Another reason the location is important to Wall Street is because NY4 is only one part of Equinix’s Secaucus, N.J., campus. The company has spent the last 20 years growing and consolidating the industry into its own spider web of interconnected data centers from Frankfurt to Tokyo to London to Rio de Janeiro to Sydney. This is the company that controls a significant part of modern finance: the sites where you plug in the actual computers that fuel today’s hyperfast and hyperconnected electronic trading.
“I call them the 800-pound gorilla of the data services market,” says Inder Singh, an analyst at SunTrust Robinson Humphrey. “I see these guys as a key bridge between customers and suppliers.”
The neutrality Equinix has established by not competing with its customers is also important, Singh says. “It is the Switzerland of data center players,” he says. That has a downside, though. “Equinix definitely leaves some money on the table. But they would probably be losing some of their coveted customers.”
Equinix provides only “dark fiber”; it doesn’t move data itself. That’s created opportunities for other companies. A startup called Lucera is one of them. The company operates something like a telecom within the data center by using software to interconnect the banks, exchanges, and investment firms that have servers at NY4.
“If Goldman Sachs wants to connect to 100 people, they just run one cable to us,” says Jacob Loveless, Lucera’s co-founder and chief executive officer. In turn, that one cable from a firm can then connect the client to any of the other 52 data centers around the world where Lucera operates.
The larger idea Loveless and his partner Peter Durkan hit on is moving Wall Street onto the cloud with shared infrastructure. After 10 years at Cantor Fitzgerald, where he was the firm’s head of high-frequency trading, Loveless realized there were too many trades out in the world that were great ideas but impractical: Implementing them would take six months and $500,000 because of the connections that needed to be made to another bank or investor or exchange that might be halfway around the world.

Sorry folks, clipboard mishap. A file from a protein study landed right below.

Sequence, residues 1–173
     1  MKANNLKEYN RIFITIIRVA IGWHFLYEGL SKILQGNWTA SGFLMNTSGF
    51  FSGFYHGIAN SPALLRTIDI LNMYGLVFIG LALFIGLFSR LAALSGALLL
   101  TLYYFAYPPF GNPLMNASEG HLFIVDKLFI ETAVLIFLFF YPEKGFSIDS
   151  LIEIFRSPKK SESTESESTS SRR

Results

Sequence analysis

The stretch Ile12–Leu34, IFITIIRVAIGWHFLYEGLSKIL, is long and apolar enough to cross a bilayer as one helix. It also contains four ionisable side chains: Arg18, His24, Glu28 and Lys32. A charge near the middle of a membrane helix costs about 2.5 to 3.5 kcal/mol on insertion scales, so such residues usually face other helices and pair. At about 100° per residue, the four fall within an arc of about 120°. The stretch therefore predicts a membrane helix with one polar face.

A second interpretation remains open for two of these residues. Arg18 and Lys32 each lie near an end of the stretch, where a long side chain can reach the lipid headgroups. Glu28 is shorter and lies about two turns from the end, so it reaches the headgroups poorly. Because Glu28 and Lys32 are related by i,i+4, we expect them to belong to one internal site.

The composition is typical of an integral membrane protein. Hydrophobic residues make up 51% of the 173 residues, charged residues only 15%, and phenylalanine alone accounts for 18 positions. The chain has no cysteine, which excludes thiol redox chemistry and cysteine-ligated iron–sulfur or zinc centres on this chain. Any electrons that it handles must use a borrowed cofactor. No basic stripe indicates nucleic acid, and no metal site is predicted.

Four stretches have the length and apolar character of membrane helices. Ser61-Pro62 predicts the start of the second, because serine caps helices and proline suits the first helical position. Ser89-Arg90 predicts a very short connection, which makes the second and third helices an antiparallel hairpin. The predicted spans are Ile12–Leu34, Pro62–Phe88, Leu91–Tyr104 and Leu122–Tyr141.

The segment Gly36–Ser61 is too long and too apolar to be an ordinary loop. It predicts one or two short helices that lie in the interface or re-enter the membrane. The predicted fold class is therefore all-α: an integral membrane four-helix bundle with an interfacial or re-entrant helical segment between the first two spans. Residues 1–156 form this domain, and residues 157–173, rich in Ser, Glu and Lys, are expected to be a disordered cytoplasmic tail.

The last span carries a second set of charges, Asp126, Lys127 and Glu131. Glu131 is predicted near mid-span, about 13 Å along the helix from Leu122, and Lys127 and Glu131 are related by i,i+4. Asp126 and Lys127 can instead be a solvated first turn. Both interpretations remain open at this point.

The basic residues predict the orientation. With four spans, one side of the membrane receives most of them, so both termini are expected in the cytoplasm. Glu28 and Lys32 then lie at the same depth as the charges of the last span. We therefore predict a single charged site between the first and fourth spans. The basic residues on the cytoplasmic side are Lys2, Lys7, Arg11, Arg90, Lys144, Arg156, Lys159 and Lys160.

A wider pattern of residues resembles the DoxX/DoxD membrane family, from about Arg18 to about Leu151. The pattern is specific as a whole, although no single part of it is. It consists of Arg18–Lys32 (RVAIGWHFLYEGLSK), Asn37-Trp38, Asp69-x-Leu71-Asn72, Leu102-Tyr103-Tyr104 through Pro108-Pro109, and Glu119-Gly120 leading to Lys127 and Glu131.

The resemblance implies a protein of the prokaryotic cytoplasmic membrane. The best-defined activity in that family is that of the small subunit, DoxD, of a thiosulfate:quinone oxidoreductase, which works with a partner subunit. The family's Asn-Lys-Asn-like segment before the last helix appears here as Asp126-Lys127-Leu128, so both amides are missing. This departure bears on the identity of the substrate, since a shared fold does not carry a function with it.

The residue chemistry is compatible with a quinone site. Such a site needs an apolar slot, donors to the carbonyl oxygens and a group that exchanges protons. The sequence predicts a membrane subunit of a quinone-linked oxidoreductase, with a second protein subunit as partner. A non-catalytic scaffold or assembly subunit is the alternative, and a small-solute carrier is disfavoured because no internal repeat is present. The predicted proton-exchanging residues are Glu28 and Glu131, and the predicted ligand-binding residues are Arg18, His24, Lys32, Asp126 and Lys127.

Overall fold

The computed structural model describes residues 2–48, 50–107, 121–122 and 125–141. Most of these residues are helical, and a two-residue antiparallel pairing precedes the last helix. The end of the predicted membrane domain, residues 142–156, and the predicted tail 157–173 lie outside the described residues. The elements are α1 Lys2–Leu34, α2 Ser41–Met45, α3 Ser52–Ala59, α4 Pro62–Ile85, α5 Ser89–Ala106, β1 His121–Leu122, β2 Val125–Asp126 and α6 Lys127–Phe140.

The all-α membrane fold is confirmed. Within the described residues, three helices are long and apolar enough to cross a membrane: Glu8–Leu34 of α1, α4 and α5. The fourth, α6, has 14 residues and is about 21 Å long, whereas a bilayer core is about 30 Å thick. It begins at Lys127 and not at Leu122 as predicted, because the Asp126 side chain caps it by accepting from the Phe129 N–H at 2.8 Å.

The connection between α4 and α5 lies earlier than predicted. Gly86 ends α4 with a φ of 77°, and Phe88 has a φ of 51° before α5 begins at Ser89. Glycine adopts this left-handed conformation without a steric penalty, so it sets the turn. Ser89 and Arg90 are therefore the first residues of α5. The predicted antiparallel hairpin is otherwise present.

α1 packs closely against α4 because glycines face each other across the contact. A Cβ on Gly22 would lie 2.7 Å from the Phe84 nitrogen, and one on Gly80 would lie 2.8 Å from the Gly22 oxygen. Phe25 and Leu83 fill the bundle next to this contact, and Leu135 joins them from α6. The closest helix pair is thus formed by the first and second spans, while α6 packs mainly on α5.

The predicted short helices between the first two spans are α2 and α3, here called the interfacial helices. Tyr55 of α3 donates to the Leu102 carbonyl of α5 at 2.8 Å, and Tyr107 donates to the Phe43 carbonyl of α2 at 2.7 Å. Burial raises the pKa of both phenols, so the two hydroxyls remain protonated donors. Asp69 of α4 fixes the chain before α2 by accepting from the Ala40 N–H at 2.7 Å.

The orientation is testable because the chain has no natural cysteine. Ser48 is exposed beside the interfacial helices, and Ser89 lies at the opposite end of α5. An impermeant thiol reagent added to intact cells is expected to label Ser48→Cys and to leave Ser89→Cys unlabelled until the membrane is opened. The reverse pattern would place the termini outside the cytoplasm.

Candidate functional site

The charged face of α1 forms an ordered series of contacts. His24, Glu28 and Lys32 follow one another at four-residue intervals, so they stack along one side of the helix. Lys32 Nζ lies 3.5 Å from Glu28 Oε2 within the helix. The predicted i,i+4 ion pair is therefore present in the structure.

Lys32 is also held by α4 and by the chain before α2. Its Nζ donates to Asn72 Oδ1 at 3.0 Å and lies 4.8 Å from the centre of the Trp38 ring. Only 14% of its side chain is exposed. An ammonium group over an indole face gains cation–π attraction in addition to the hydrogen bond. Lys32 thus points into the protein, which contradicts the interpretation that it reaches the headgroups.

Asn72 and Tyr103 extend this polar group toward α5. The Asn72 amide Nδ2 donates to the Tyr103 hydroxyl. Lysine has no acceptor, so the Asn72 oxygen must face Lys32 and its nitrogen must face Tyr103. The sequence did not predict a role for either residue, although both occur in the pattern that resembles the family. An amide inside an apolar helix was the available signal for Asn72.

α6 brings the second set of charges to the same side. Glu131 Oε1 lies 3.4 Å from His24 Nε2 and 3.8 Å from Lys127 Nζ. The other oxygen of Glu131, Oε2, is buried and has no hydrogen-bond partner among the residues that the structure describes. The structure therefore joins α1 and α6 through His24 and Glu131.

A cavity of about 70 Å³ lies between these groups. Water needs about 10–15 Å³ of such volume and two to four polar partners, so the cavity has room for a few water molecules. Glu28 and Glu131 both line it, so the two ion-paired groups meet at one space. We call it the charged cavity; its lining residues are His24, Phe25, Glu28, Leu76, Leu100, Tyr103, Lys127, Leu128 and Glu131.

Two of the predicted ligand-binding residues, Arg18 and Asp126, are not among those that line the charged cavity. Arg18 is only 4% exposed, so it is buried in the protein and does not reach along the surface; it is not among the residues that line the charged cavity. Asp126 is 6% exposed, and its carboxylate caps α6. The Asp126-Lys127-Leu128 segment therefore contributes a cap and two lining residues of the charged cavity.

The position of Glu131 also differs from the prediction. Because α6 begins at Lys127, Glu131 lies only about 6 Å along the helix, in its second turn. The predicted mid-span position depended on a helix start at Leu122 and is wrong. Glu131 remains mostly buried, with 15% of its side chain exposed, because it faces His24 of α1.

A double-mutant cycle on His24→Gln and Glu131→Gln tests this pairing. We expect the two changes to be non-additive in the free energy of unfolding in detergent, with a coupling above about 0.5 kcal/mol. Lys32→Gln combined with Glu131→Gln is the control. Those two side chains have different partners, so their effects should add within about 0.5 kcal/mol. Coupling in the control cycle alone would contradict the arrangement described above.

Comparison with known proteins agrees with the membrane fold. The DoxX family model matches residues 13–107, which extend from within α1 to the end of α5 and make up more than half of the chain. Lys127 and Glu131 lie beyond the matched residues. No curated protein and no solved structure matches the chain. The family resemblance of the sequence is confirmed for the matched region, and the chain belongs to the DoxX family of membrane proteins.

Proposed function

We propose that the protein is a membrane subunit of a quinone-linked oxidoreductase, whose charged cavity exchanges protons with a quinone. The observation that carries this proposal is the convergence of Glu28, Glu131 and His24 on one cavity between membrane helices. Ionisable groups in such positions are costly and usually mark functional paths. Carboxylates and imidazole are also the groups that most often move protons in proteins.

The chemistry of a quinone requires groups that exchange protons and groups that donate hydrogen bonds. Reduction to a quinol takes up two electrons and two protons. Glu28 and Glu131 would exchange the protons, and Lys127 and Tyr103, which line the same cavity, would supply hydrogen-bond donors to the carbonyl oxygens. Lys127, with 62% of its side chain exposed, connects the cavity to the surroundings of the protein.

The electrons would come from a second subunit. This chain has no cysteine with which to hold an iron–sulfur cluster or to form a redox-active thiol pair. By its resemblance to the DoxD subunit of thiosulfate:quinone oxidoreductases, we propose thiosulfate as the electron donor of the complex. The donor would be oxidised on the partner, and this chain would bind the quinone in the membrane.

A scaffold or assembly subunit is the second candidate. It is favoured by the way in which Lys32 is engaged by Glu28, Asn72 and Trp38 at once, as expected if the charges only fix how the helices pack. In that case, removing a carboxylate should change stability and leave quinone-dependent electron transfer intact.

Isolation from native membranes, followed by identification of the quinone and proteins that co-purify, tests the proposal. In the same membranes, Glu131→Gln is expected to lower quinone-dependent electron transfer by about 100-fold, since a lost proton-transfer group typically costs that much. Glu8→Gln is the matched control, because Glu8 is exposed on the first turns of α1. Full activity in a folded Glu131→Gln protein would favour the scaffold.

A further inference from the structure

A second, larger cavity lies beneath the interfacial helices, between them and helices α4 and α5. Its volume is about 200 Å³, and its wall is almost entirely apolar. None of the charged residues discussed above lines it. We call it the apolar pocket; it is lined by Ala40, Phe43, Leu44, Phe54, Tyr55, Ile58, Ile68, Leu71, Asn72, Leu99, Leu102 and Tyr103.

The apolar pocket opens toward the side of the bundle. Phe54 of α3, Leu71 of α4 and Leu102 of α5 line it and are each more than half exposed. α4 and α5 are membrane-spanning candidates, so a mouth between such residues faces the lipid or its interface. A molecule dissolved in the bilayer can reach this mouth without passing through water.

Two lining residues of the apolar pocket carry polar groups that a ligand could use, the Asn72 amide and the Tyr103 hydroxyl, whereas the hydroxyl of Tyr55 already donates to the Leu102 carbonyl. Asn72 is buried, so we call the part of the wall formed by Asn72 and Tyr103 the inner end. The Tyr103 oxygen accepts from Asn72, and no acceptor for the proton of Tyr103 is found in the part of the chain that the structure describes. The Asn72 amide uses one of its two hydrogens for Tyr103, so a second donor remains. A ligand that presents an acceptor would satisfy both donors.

It would take a bank about three months to create a new connection to another bank if it did it on its own, Loveless says. Lucera’s fastest time to connect two of its users is eight seconds. That’s because the company is software-based and relies on hard-wired connections already created by Equinix. Lucera’s mean connection time is only two hours, Loveless says.
NY4 and other data centers like it make this a reality, but it wasn’t always this way. At the dawn of electronic trading in the 1980s, major banks such as Goldman Sachs or Bank of America had to lay wire and cable to create their own networks to connect to customers. If you laid one bank network atop the other, they would have all been basically the same, Loveless explains, which is another way of saying it was hugely inefficient. Then in 2000, a company called Radianz set out to create a global network that promised access to the major financial institutions through a single connection.
It worked. British Telecom bought Radianz in 2005 for about $130 million. Lucera, which got its start in 2013, is now a sort of second-generation Radianz as it offers to handle the complicated interconnections within a data center like NY4 for its clients.
“If I’m a customer and I want to connect to 270 companies, I can either run 540 connections out of my own cage or they can run a pair to us and we’ll run the rest,” says Michael Badrov, global head of operations for Lucera. As he spoke in the firm’s cage at NY4, three workers were busy doubling Lucera’s capacity to take on more customers.
On the roof of NY4 on a rainy February morning, the skyscrapers of Manhattan could just be seen to the east. To the west, planes lined up to land at Newark airport. Microwave antennas that look like satellite-TV receivers are pointed toward Chicago, Newark, and north of the city where the signal can get hooked into the fiber-optic cable that ends in London. That’s where Equinix’s LD4 center is located.
This global network of densely packed data centers is now the reason you can trade a stock on your smartphone in a way that was unimaginable 10 years ago. The six or seven intermediaries needed—AT&T, your brokerage, the NYSE, and so forth—are all housed under Equinix’s enormous roof.
John Knuff, Equinix’s general manager for financial services, looks at this dense cohabitation and sees the future. “I always say, keep your customers close,” he says. “But keep your vendors even closer.”
Leising and Massa cover market structure for Bloomberg News in New York